Vins doux naturels (VDNs), translated to ‘naturally sweet wines’, are some of the most historic yet underestimated wines in France. These wines are made using the process of mutage – adding neutral grape spirit/alcohol – to fermenting wine in order to halt fermentation and leave sugar in the wine (they aren’t REALLY naturally sweet wine, although producers will say you are preserving the natural sweetness of the wine so that’s the counterpoint).
Image of Rivesaltes: WinesoftheRoussillon.com
The technique of mutage was created in Roussillon in 1285 by Arnaud de Villeneuve, physician of the Royal House of Barcelona from 1281 to 1310 and a professor of the University of Montpellier. It is the same process used to make Port. Here the wine must be around 6% alcohol by volume when grape spirit is added to kill the yeast and bring the alcohol in the wine to 15-18% ABV. Wines retain sugar and this base wine can go many different directions depending on what the producer wants to present in the bottle.
Although these wines can be made with more than 20 different grape varieties, two take primacy: Muscat blanc à petit grains for the white and Grenache noir for the red.
Grenache is great as a young wine but can also be good if aged for years in old oak barrels, sometimes large glass jars (called bonbonnes or demi-johns) developing complexity and tertiary aromas (tobacco, saddle, mocha) Muscat has fresh, grapey aromas, and naturally high acidity so the resulting sweet wines are very balanced. These grapes get more flavor and color if the producer wants to put the juice in contact with the skins and, like the reds, they can also be aged oxidatively
Vins Doux Naturels of the Languedoc
We begin the show in the Languedoc, which only produces white vins doux naturels (VDNs) of the Muscat grape. Each of these wines is made from Muscat Blanc à Petits Grains and made in a non oxidative style to show the ripe fruit flavors, honeyed notes and richness contrasting with the acidity of the grape. Here are the four VDN appellations of the Languedoc, all of which are fortified with neutral grape spirit to 15% – 18% alcohol and a minimum of 11% residual sugar (Saint Jean de Minervois has a minimum of 12.5% RS). These wines are all golden in color and made of white grapes:
Muscat de Saint Jean de Minervois: Vineyards are at elevation so the wines have a better balance of acidity, more elegance, and are more complex Muscat de Frontignan: the biggest area for VdN in the Languedoc, these wines range in quality but Frontignan has great historic importance as it probably contains France’s earliest vineyard sites and was certainly the country’s first VdN appellation Muscat de Lunel is small and the local co-op makes many of the wines. The best have floral honeyed notes Muscat de Mireval is right next to the coast, immediately northeast of Frontignan and the wines, dominated by co-op production are rarely seen outside of France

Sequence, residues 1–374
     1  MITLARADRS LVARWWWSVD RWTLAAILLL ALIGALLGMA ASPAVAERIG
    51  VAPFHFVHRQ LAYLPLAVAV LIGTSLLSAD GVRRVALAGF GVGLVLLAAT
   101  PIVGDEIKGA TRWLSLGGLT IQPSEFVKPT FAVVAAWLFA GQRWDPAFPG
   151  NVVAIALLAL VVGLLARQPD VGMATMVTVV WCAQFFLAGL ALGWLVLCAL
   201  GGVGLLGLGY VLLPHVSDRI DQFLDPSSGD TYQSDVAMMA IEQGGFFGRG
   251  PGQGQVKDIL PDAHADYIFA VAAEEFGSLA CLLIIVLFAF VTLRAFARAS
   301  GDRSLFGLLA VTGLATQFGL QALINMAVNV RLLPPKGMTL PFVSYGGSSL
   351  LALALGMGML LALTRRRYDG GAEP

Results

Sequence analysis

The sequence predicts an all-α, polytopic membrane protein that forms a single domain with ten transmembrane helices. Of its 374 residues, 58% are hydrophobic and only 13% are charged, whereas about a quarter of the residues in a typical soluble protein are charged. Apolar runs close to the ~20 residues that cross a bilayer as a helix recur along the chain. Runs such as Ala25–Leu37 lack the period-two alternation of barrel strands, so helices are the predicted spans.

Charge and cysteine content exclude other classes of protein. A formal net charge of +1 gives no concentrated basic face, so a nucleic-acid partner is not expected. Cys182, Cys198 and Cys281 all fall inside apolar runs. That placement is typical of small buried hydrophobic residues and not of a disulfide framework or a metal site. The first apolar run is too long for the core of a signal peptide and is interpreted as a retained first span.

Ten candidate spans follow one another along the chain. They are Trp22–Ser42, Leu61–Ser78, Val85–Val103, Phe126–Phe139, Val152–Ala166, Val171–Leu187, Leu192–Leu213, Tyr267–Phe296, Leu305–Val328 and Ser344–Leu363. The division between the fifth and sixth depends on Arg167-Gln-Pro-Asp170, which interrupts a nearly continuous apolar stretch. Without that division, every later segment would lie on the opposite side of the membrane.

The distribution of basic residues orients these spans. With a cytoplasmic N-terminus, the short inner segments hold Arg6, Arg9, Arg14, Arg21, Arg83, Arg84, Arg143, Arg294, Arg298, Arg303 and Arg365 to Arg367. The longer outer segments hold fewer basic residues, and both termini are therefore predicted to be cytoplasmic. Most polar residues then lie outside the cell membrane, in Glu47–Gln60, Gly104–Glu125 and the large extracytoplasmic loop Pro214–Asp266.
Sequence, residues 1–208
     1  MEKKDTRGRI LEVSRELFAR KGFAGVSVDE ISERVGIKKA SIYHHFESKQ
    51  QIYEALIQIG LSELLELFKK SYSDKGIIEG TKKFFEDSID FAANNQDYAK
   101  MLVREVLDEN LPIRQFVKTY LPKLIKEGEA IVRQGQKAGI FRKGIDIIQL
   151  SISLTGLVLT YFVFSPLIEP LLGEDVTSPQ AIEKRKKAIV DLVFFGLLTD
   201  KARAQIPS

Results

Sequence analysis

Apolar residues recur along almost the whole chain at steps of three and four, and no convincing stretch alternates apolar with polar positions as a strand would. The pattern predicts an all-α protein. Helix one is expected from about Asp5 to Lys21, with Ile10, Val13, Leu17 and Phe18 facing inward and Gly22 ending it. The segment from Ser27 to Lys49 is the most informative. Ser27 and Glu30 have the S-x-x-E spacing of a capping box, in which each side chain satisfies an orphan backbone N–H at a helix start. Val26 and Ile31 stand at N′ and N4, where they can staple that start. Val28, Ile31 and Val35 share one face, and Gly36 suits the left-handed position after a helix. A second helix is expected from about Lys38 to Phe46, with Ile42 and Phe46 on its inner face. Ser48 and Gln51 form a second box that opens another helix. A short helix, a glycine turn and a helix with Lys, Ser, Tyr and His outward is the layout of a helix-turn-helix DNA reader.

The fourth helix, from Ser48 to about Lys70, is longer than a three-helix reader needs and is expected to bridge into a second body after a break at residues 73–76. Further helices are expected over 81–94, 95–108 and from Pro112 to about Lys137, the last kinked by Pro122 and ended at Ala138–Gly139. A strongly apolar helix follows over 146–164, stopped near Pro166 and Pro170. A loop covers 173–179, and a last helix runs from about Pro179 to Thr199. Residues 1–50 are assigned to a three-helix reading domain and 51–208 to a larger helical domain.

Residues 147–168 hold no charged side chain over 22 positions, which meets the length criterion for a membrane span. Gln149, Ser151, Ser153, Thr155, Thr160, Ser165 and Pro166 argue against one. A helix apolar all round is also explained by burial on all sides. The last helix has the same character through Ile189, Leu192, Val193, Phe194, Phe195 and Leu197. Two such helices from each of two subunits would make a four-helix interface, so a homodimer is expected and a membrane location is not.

Vins Doux Naturels of Roussillon
Roussillon was incorporated into France in 1659, but before that was part of Spain, which it borders. There is a very set Catalan influence in this area, which is a hybrid of Spanish and French culture in many ways. Roussillon is shaped like an amphitheater and borders the Mediterranean Sea, the Pyrenees & the Corbières Mountains. This sunniest region of France has rivers which shape the landscape and the terroir.
Roussillon is the epicenter of vins doux naturels, making 80% of all VDN. It makes white, and more interestingly, reds whose flavors you will not find anywhere else. After mutage, the VdNs are made reductively (like regular wine where you try to avoid contact with oxygen to maintain fresh flavors) or oxidatively, with exposure to air for varying lengths of time. On the wines of the Roussillon you will see the following labels:
Wines that are aged without oxygen (topped off barrels/reductive) and are fruity and strong: Blanc Rosé Rimage (used for Banyuls) Grenat (used for Maury, Rivesaltes) If they have a bit of age but are still reductive you will may see recolté or vendange on the bottle Wines that are aged oxidatively in barrels that are not topped off, thus concentrating flavors and giving the wines more character (similar to tawny Port, rosé is never aged this way, BTW) Ambré: Whites that are oxidatively aged Tuilé: Reds that are oxidatively aged Rancio: VERY rare category of wine. Either whites or reds aged for so long that they taste almost like Madeira. They are aged in glass bonbonnes/demi-Johns that are kept outside or in attics to gain exposure to the temperature extremes to intensify flavor Hors d’Age: Anything aged more than 5 years before release, normally oxidatively aged Vins Doux Naturel aging in bonbonnes Image Source: Vig’nette
Muscat de Rivesaltes can be made two Muscat varieties blended in…